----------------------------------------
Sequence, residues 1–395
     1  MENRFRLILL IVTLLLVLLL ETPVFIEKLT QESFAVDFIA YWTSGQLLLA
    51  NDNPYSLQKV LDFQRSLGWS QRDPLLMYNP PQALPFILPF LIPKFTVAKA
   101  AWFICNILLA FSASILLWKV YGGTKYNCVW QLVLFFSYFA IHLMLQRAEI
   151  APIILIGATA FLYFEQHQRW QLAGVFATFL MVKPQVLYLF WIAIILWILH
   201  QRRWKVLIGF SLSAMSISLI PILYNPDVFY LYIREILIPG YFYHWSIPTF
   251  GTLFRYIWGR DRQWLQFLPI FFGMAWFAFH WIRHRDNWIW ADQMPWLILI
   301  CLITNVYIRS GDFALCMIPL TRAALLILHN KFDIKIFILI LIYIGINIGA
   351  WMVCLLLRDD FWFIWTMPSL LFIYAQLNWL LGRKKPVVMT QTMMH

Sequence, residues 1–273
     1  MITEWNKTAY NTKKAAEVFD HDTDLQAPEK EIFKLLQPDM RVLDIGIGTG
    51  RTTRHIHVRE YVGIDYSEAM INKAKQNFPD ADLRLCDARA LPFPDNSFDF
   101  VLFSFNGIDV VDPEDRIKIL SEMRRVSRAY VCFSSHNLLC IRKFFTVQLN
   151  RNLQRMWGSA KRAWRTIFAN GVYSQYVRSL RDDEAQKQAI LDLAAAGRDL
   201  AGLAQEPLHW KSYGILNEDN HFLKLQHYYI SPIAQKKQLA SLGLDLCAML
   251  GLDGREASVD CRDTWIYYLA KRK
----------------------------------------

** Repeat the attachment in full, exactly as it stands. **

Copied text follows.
Sequence, residues 1–395
     1  MENRFRLILL IVTLLLVLLL ETPVFIEKLT QESFAVDFIA YWTSGQLLLA
    51  NDNPYSLQKV LDFQRSLGWS QRDPLLMYNP PQALPFILPF LIPKFTVAKA
   101  AWFICNILLA FSASILLWKV YGGTKYNCVW QLVLFFSYFA IHLMLQRAEI
   151  APIILIGATA FLYFEQHQRW QLAGVFATFL MVKPQVLYLF WIAIILWILH
   201  QRRWKVLIGF SLSAMSISLI PILYNPDVFY LYIREILIPG YFYHWSIPTF
   251  GTLFRYIWGR DRQWLQFLPI FFGMAWFAFH WIRHRDNWIW ADQMPWLILI
   301  CLITNVYIRS GDFALCMIPL TRAALLILHN KFDIKIFILI LIYIGINIGA
   351  WMVCLLLRDD FWFIWTMPSL LFIYAQLNWL LGRKKPVVMT QTMMH

Sequence, residues 1–273
     1  MITEWNKTAY NTKKAAEVFD HDTDLQAPEK EIFKLLQPDM RVLDIGIGTG
    51  RTTRHIHVRE YVGIDYSEAM INKAKQNFPD ADLRLCDARA LPFPDNSFDF
   101  VLFSFNGIDV VDPEDRIKIL SEMRRVSRAY VCFSSHNLLC IRKFFTVQLN
   151  RNLQRMWGSA KRAWRTIFAN GVYSQYVRSL RDDEAQKQAI LDLAAAGRDL
   201  AGLAQEPLHW KSYGILNEDN HFLKLQHYYI SPIAQKKQLA SLGLDLCAML
   251  GLDGREASVD CRDTWIYYLA KRK